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Look Out For The Birds This Winter

Gardeners love a colourful and interesting garden bursting with flowers and plants that have been carefully considered and placed so they thrive and give us joy through the seasons. But it’s not all about the aesthetic, so many gardeners research what they plant to ensure they attract wildlife to their gardens and can also take care of the birds as winter sets in as finding food gets a little harder for our garden friends. In this blog, we look at how we can all look out for the birds this winter.

It can be as simple as letting some plants go to seed, the Rudbeckia Little Gold Star, (Black Eyed Susan) is a good example of a perennial that is great for this. It blooms late into October so gives you plenty of flowers through the summer and into the autumn but can then be left to seed. This should give you a few more plants the following season whilst also providing a little something for the birds to enjoy! Bees and butterflies also love this plant, it does earn its little gold star!

Planting the Viburnum Tinus Eve Price is sure to be a winner with birds too. It’s a popular evergreen shrub that provides year-round interest. They produce clusters of small pink buds which open to pinkish-white flowers followed by dark blue-black fruit which birds love. They perform well in shady locations, tolerate wind, and are worth considering if you are looking to create hedging. This superb variety has received the RHS award of garden merit and the RHS perfect for pollinators award

If you are looking for ways to brighten the garden too, don’t forget it is Hellebore season, and whilst there are no berries to be had you can add a few flower heads to your bird bath to create a bit of interest. They won’t get in the way and they can look quite sweet. Hellebores can be planted now, they are hardy and low maintenance and perfect for those looking for winter flowering plants. We grow the prestigious Helleborus Gold Collection® which currently has 30% off.

It’s not only what we plant that helps us to look out for the birds this winter, it’s also what we can provide by way of shelter and specific foods that they benefit from. Birdhouses are a great addition to your garden and there are so many to choose from. We have recently launched a competition with Hewmade who make a stylish birdhouse inspired by traditional birdhouses, but with a contemporary design style and crafted with high-quality materials, which becomes more beautiful with age. Built using oak and clad with western red cedarwood, it will welcome a variety of birds to your garden.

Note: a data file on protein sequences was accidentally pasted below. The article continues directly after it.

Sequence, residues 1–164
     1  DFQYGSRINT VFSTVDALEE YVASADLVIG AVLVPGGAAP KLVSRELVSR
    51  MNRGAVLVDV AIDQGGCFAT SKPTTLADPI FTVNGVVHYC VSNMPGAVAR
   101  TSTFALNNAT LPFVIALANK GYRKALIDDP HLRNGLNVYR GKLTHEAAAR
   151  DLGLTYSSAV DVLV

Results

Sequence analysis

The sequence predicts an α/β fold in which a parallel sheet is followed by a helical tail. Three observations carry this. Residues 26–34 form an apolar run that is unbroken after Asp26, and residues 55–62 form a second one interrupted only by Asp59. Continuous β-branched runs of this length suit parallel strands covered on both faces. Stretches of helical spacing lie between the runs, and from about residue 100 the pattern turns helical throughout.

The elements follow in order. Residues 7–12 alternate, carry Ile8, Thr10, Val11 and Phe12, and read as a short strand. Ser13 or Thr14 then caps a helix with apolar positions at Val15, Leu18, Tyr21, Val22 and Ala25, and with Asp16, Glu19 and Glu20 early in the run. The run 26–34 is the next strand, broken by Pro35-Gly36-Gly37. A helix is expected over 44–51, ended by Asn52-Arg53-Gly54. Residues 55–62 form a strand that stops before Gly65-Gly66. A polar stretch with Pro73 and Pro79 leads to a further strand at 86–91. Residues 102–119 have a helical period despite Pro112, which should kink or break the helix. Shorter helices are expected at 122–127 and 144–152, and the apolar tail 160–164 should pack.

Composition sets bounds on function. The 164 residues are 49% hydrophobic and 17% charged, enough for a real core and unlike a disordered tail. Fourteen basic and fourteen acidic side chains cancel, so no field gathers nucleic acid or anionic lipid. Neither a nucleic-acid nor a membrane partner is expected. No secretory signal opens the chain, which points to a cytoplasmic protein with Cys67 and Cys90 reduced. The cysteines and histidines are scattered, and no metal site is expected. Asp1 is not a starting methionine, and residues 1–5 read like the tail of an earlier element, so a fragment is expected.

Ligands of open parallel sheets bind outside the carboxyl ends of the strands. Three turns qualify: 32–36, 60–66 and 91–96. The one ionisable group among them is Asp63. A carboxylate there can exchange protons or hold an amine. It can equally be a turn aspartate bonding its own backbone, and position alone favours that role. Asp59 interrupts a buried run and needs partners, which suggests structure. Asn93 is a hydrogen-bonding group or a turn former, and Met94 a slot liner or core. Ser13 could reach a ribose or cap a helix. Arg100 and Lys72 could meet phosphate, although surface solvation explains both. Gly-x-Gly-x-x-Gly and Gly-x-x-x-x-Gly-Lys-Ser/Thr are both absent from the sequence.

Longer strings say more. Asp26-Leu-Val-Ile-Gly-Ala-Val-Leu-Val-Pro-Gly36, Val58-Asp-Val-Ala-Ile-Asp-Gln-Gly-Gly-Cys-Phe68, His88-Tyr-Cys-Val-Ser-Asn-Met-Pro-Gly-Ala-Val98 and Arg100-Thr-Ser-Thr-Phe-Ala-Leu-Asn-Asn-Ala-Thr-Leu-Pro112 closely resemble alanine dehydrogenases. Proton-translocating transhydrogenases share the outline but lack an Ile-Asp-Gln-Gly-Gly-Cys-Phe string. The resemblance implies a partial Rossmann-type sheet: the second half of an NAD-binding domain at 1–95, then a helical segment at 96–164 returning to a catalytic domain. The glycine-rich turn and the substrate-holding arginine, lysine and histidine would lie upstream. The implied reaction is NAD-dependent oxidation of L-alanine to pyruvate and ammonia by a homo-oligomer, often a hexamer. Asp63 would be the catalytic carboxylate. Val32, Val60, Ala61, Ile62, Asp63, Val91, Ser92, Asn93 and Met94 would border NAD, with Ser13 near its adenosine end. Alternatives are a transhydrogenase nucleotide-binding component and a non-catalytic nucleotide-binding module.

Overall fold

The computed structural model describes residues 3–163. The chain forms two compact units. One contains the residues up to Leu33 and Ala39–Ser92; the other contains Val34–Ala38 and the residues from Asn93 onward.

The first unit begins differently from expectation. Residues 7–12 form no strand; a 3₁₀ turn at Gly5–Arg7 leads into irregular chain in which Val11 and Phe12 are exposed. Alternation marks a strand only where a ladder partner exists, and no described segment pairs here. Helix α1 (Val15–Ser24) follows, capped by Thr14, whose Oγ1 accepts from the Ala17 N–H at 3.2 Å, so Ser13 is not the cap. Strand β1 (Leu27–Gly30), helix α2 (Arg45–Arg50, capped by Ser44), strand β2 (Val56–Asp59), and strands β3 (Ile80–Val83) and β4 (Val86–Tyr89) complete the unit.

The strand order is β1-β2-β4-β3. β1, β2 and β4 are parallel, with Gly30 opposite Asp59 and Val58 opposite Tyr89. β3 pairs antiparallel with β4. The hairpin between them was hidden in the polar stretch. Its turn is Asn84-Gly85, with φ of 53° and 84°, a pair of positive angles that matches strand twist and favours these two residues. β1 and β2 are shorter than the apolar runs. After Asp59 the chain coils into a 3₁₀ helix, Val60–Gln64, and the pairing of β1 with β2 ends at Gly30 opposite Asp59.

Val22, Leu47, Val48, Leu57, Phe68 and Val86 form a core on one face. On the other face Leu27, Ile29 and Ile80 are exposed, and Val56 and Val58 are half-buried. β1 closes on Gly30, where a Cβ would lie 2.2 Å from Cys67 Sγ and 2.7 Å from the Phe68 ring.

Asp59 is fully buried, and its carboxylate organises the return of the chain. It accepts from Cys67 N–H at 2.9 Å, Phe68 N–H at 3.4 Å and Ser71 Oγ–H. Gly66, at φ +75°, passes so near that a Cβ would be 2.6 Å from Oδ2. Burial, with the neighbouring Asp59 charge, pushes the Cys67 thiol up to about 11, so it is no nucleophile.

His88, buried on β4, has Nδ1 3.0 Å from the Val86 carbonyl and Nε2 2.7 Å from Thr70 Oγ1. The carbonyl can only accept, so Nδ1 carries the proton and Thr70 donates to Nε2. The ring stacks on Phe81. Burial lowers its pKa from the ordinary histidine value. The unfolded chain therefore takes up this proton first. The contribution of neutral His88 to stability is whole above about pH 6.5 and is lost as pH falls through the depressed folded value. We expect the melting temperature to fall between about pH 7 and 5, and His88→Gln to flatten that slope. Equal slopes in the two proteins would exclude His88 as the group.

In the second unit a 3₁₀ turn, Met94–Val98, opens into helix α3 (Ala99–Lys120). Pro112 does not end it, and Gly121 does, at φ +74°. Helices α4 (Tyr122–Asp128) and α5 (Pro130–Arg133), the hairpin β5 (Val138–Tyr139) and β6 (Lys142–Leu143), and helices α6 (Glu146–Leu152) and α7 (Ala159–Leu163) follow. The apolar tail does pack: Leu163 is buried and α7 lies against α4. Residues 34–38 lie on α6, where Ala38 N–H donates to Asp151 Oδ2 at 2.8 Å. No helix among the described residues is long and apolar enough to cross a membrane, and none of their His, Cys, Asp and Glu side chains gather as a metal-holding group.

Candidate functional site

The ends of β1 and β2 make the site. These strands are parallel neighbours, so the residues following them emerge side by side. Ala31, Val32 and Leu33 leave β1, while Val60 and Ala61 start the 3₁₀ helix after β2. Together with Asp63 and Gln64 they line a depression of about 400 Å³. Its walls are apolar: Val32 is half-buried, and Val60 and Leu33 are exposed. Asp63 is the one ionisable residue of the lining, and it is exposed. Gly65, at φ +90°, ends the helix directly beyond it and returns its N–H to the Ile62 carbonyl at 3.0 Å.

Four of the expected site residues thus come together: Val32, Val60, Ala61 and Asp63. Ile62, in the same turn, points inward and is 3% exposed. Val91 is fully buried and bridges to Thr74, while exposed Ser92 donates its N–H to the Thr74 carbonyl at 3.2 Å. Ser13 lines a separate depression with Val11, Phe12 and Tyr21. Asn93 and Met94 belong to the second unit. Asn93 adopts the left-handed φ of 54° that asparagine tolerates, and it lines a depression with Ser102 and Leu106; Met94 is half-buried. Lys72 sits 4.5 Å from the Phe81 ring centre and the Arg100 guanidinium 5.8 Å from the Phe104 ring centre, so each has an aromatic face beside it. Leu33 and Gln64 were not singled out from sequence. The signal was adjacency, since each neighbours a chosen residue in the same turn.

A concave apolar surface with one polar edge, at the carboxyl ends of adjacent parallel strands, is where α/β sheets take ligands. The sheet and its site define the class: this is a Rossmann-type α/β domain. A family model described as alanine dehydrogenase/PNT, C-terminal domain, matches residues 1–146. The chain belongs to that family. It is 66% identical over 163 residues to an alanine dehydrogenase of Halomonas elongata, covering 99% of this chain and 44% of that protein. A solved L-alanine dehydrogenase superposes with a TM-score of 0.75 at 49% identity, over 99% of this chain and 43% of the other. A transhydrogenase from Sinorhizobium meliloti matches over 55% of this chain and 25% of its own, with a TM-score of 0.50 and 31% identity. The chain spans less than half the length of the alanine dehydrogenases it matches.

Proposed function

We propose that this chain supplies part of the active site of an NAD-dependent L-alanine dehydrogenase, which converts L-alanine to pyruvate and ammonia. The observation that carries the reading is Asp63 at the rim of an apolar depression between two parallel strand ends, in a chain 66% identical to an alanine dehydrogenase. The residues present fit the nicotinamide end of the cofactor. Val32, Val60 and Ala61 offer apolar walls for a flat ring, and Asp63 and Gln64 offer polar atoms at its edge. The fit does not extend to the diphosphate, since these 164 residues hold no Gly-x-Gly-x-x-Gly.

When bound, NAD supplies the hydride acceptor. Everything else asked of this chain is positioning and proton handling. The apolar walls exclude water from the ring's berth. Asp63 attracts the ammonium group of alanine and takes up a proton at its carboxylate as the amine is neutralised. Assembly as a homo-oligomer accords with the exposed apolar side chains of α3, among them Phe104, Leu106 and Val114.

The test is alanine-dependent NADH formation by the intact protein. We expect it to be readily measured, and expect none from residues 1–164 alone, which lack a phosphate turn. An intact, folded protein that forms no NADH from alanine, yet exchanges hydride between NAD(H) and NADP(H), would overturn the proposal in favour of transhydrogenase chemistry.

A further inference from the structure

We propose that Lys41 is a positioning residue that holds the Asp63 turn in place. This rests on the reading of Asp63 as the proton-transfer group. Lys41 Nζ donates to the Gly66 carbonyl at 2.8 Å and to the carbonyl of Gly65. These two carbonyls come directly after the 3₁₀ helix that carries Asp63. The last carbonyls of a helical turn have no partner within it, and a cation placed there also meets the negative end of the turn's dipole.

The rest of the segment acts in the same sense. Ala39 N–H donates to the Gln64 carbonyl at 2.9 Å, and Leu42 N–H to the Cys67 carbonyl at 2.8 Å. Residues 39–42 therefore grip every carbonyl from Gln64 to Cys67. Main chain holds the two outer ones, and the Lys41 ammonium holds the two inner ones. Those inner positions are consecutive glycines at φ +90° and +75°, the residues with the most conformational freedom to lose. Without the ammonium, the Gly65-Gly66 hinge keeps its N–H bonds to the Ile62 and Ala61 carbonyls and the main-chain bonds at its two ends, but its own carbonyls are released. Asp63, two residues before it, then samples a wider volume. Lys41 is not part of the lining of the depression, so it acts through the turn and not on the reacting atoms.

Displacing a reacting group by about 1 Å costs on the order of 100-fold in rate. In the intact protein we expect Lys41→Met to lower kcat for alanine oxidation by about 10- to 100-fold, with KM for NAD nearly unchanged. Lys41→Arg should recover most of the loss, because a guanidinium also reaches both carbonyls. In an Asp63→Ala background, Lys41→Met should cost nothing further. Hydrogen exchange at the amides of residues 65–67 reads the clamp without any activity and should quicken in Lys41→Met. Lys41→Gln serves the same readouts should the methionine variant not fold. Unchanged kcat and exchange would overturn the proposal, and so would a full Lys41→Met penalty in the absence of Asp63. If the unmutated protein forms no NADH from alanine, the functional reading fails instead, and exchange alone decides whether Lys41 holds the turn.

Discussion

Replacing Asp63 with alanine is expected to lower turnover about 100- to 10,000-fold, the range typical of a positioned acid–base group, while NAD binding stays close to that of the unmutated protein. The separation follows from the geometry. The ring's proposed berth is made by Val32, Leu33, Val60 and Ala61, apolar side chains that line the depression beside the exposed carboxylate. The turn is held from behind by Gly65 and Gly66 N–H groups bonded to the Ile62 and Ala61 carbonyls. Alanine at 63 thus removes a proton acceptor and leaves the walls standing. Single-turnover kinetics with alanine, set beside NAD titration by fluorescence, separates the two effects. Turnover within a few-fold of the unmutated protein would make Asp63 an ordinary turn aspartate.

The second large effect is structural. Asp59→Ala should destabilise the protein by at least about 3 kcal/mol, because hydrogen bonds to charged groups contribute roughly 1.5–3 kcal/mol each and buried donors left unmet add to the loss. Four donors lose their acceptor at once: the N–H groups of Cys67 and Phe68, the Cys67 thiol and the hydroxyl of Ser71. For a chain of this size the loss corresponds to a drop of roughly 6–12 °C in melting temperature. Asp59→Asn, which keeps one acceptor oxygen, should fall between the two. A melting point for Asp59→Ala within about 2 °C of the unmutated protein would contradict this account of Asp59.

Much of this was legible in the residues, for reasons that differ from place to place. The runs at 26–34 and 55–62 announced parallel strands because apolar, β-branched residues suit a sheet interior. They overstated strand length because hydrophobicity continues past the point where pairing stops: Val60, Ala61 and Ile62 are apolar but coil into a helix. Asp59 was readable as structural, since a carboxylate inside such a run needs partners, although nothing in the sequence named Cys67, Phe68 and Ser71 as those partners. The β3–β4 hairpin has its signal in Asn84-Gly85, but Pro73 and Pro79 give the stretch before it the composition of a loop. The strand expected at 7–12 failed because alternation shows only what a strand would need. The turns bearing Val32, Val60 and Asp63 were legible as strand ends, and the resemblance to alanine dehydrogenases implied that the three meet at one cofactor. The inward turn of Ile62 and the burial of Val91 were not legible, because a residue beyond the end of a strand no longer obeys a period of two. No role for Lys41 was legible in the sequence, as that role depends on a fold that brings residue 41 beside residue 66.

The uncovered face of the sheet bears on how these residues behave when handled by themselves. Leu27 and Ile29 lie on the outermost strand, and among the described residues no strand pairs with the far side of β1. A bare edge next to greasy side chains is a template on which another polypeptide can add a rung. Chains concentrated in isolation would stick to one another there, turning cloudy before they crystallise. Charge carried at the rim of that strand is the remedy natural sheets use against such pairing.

Birdfood is also important through the winter, frost makes the ground harder and the insects and grubs are all hibernating or buried beneath the ground so we have also partnered with Kennedy Wild Bird Food to include a sack of superior high-energy bird seed in our competition.

To enter visit our Golden Valley Plants Facebook page or head over to our Instagram page

Don’t forget that kitchen scraps and leftovers can also make ideal snacks for birds. Fat from your meat, roast potatoes, vegetables, pastry, cheese, cake, and biscuits are all suitable and you can find out more about how from the RSPB here. Perhaps sharing the Christmas leftovers is a nice idea!

The current cold snap means we are indoors a little more so whilst watching the birds from the window it’s also the perfect time to do a little planning for next year in the garden. Take a look at our website, we’ve some lovely perennials, and maybe register to receive our newsletter so we can keep you up to date with all our offers, tips, and advice. 

What We Are Doing..

At the nursery we are making sure we look out for the birds this winter with the addition of eleven bird boxes to the site. (Below is one in use!)

At Golden Valley Plants we like to do our bit to support wildlife so in addition to offering plants that the bees, birds and butterflies like we have also added three bat boxes and planted 250 holly plants across the site, word is spreading in bird circles that there’s a feast in store! 

 

Look Out For The Birds This Winter -

Further Reading

Fancy expanding your knowledge? Take a look at our The History of Wreaths blog or our A Focus on Hellebores.